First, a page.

Pro-cycling interventions, and cycle hire schemes in particular, are often assumed to primarily benefit the privileged. This framing has played-out in academic research, with many papers exploring the relationship between cycling and existing inequalities. A growing body of evidence suggests that cycle hire schemes tend to serve wealthy areas and young, high income groups, mirroring inequalities in other types of cycling uptake, yet there has been little research into the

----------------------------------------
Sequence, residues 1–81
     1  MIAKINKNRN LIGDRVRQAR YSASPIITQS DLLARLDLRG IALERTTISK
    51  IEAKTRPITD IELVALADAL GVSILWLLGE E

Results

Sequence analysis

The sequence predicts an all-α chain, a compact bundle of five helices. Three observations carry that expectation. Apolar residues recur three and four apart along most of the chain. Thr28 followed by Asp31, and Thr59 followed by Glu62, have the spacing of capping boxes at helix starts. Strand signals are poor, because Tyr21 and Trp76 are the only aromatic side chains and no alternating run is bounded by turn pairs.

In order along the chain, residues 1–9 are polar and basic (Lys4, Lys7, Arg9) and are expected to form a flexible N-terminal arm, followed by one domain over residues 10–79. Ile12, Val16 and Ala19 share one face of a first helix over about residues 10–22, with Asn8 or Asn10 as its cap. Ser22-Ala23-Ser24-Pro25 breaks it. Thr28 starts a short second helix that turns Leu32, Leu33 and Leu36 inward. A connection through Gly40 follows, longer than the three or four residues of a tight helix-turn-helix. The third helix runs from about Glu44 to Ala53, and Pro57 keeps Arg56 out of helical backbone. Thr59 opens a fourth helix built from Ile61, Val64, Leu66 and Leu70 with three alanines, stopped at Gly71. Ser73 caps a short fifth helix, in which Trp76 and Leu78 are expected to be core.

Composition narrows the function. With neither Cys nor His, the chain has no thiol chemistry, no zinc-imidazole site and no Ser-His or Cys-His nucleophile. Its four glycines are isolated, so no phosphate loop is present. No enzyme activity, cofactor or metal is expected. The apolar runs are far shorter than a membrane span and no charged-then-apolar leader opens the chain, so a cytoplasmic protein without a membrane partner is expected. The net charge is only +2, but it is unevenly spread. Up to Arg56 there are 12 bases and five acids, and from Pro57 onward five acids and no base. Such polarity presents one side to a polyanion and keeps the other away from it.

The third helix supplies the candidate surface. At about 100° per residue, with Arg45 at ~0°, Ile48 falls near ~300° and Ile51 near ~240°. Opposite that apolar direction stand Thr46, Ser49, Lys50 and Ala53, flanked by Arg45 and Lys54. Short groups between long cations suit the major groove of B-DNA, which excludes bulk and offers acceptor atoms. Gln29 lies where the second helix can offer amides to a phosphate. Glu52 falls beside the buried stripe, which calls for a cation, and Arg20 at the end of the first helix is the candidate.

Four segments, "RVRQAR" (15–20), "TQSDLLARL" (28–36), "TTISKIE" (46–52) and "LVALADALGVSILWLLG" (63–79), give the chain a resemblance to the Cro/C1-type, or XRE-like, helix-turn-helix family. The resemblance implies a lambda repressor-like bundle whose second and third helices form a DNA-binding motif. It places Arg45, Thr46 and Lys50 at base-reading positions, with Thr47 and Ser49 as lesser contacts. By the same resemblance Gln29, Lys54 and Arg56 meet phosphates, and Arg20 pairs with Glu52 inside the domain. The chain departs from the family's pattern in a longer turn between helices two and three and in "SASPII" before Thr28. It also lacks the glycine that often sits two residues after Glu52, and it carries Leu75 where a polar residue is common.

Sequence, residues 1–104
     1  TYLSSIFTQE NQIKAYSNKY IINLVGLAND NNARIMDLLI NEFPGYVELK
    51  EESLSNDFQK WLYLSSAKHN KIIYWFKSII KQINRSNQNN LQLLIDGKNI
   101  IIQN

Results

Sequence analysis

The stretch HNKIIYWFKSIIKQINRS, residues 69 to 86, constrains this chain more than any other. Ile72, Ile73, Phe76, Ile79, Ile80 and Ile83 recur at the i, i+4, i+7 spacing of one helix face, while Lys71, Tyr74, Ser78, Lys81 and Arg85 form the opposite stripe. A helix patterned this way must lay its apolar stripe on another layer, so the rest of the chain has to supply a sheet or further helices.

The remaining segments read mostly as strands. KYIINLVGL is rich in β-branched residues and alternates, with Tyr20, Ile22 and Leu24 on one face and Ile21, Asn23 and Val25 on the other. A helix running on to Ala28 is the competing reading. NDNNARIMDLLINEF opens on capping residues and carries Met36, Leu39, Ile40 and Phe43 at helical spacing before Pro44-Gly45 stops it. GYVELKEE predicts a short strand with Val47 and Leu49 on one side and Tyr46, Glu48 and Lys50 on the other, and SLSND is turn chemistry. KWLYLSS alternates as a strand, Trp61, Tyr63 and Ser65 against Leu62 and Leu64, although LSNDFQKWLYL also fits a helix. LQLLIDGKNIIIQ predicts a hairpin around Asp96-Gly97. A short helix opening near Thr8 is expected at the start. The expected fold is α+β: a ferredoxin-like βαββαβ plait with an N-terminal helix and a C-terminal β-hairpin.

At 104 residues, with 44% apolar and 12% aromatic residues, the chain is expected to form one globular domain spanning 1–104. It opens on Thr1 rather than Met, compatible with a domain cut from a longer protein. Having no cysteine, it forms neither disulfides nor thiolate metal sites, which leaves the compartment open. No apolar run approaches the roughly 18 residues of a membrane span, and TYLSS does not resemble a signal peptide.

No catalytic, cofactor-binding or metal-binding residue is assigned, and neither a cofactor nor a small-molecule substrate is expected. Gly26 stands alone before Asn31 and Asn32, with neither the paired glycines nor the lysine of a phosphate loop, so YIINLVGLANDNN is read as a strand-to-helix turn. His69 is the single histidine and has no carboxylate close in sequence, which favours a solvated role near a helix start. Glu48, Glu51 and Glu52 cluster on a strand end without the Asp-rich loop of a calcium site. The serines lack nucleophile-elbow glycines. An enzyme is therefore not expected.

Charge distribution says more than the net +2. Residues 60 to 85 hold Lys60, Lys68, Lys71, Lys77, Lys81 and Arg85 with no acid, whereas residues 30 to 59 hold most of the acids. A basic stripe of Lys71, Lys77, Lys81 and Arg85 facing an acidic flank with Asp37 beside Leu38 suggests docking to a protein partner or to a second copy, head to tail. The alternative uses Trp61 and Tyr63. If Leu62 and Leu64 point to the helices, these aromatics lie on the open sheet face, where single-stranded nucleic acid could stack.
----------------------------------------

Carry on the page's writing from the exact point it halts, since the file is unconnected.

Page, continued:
direction of travel' and whether such inequalities are growing or levelling up' over time. This paper explores the uptake of the London Cycle Hire Scheme (LCHS), a large, early and prominent scheme that had the explicit aim of `normalising' cycling. The method involved reproducible analysis (with code documented in the GitHub repo Robinlovelace/cycle-hire-inclusive) of 73.4 million cycle high records spanning 8~years from January 2012 to December 2019, using the geographic location of docking stations alongside official statistics to assess social and spatial inequalities in uptake. The method involved analysis of 73.4 million cycle high records spanning 8~years from January 2012 to December 2019, using the geographic location of docking stations alongside official statistics to assess social and spatial inequalities in uptake. We found that, contrary to the trend for increasing segregation and geographic inequalities, the usage of the LCHS have become increasingly geographically distributed across London over time, with AM peak usage in comparatively low-income areas seeing high levels of growth. Our study shows that cycle hire schemes can be designed and expanded in ways that benefit a wide range of people, including those from low income areas, and that new cycle hire docking stations in poorer areas can succeed.